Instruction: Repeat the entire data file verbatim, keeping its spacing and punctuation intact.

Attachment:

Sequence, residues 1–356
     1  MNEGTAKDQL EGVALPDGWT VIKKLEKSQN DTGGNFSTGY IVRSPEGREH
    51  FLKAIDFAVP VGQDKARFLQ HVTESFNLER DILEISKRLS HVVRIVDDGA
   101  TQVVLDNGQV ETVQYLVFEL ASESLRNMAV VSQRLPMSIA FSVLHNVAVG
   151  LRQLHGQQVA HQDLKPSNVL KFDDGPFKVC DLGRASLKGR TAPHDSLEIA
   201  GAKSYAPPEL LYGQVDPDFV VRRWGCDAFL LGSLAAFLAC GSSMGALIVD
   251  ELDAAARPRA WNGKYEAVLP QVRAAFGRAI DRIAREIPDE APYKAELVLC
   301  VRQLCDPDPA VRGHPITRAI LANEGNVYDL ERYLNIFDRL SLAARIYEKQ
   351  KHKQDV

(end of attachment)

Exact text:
Sequence, residues 1–356
     1  MNEGTAKDQL EGVALPDGWT VIKKLEKSQN DTGGNFSTGY IVRSPEGREH
    51  FLKAIDFAVP VGQDKARFLQ HVTESFNLER DILEISKRLS HVVRIVDDGA
   101  TQVVLDNGQV ETVQYLVFEL ASESLRNMAV VSQRLPMSIA FSVLHNVAVG
   151  LRQLHGQQVA HQDLKPSNVL KFDDGPFKVC DLGRASLKGR TAPHDSLEIA
   201  GAKSYAPPEL LYGQVDPDFV VRRWGCDAFL LGSLAAFLAC GSSMGALIVD
   251  ELDAAARPRA WNGKYEAVLP QVRAAFGRAI DRIAREIPDE APYKAELVLC
   301  VRQLCDPDPA VRGHPITRAI LANEGNVYDL ERYLNIFDRL SLAARIYEKQ
   351  KHKQDV